Mayo Clinic is giving vaccines to patients 65 and older who live in the greater Rochester area. They are also helping Olmsted County Public Health vaccinate non-Mayo patients in that age range who live in the area. Next week, Mayo Clinic will begin vaccinating patients 75 and older. They are reaching out to patients via Patient Online Services and on the phone. Patients can sign up for an online account or log in to double-check contact info. Mayo Clinic will send vaccine appointment invitations to patients with underlying conditions, increasing opportunities for staff and all Minnesota residents age 16 or older, as vaccine supply allows.

North Memorial Health is prioritizing high-risk patients for vaccines, including anyone age 65 and older or patients age 18-64 who were randomly selected and meet Phase 1B Tier 2 and Tier 3. Invitations to schedule an appointment are going to patients through emails, text messages and phone calls then scheduled on a first-come basis. Anyone over 65 who's looking to get vaccinated can call 763-581-CARE (2273) to schedule an appointment.

Sanford Health is vaccinating all Minnesota residents age 16 or older. Anyone who meets the state’s eligibility guidelines can schedule a COVID-19 vaccine appointment by calling (877) 701-0779, or though the Sanford Health website.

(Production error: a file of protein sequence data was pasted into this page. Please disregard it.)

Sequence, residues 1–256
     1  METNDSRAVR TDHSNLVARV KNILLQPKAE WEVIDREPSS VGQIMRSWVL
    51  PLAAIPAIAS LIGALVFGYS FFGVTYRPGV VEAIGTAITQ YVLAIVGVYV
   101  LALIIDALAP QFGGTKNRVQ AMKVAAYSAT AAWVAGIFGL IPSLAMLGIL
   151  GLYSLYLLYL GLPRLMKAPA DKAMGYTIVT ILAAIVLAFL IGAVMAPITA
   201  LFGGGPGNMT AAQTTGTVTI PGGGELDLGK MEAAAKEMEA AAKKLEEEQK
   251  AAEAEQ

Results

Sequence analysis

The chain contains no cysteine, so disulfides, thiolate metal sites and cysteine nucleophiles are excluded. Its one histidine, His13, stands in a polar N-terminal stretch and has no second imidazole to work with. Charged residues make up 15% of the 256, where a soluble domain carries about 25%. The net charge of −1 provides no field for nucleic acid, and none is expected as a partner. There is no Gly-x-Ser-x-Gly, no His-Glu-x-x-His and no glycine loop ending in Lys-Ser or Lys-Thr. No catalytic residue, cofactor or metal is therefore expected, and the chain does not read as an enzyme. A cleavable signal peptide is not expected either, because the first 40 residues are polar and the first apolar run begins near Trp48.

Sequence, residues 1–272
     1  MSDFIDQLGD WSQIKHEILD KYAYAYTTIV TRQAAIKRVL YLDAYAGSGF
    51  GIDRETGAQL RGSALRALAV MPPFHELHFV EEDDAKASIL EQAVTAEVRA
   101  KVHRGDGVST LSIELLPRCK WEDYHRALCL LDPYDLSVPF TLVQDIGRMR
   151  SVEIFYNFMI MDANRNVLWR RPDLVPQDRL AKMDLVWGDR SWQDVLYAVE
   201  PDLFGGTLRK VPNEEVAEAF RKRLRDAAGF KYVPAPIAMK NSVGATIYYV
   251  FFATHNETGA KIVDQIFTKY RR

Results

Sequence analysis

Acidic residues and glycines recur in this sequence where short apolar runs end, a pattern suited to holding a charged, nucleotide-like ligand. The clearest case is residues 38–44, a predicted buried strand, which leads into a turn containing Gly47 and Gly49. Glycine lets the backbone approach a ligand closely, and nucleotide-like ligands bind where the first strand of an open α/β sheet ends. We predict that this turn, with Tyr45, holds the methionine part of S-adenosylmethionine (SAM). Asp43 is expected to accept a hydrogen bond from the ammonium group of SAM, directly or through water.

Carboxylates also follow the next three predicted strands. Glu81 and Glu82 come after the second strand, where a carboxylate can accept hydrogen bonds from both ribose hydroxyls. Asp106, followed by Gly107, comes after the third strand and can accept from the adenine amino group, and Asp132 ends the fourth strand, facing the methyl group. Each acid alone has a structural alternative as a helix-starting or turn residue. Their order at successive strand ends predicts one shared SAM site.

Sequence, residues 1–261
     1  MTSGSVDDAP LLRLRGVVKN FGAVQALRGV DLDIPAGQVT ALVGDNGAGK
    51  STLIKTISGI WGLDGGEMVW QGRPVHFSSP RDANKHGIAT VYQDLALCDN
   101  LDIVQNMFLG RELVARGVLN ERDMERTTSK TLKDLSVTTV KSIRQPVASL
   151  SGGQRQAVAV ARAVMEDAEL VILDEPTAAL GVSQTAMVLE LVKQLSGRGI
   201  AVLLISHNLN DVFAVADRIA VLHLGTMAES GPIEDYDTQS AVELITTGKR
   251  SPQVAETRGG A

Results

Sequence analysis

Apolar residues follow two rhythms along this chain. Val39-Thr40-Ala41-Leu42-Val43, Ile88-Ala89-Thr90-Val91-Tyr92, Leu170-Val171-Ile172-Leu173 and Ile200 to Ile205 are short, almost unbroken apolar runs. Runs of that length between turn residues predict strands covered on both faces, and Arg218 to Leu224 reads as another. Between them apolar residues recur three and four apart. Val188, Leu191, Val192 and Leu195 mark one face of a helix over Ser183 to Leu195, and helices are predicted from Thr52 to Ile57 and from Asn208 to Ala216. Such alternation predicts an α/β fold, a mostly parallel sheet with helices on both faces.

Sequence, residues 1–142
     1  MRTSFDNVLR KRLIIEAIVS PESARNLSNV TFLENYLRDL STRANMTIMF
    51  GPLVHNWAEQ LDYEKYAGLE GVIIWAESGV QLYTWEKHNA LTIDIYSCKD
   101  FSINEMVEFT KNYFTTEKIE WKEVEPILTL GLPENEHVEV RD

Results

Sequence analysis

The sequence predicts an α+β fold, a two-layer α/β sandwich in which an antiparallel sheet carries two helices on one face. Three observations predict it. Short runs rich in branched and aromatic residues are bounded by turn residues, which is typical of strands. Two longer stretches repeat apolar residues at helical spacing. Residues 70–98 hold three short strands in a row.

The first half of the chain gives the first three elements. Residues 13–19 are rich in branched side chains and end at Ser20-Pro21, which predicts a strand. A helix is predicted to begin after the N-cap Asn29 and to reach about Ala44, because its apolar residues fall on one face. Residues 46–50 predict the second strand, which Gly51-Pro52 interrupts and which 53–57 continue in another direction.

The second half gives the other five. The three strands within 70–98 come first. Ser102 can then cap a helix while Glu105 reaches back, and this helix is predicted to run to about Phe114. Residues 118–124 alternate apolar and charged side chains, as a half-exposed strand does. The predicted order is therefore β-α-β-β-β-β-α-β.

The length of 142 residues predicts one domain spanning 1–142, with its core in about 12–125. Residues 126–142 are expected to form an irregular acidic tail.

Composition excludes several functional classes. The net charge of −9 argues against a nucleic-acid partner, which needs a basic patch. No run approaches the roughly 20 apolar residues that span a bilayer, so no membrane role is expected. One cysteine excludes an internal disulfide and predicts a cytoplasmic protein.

CentraCare is giving vaccines to all Minnesota residents ages 16 and older. Targeted groups are contacted through MyChart messages, direct phone calls and other means of direct communication. People can make an appointment for their COVID-19 vaccine by using MyChart, calling CentraCare Connect at 320-200-3200 or through the provider's online scheduling option.

Essentia Health in Minnesota is giving vaccines to residents 16 and older. Those who are currently eligible can self-schedule vaccine appointments by going to Essentia's online patient portal, MyChart. You no longer need to be a patient of Essentia Health to open a MyChart account. Patients and community members can also call (833) 494-0836 to schedule a vaccine appointment if they meet eligibility criteria. 

Children's Minnesota is calling in its highest-risk patients to receive a COVID-19 vaccine shot. Those individuals will be contacted directly. Children's Minnesota currently doesn't have adequate vaccine supply to administer at its clinics, but are planning to do so in the future once supply improves.

St. Luke's is now giving vaccines to all Minnesota residents ages 16 and older, who can schedule their appointment online with their myCare patient portal account. St. Luke's is calling its high-risk patients to offer appointments. St. Luke's will continue to provide daily updates on its website. Appointments can also be made by calling (218) 249-4200, and the hotline is staffed Monday through Friday from 8 a.m. to 4:30 p.m. Non-St. Luke's patients or those without access to a patient portal can also email vaccine@slhduluth.com to request an appointment. More details about the information to provide can be found on St. Luke's website.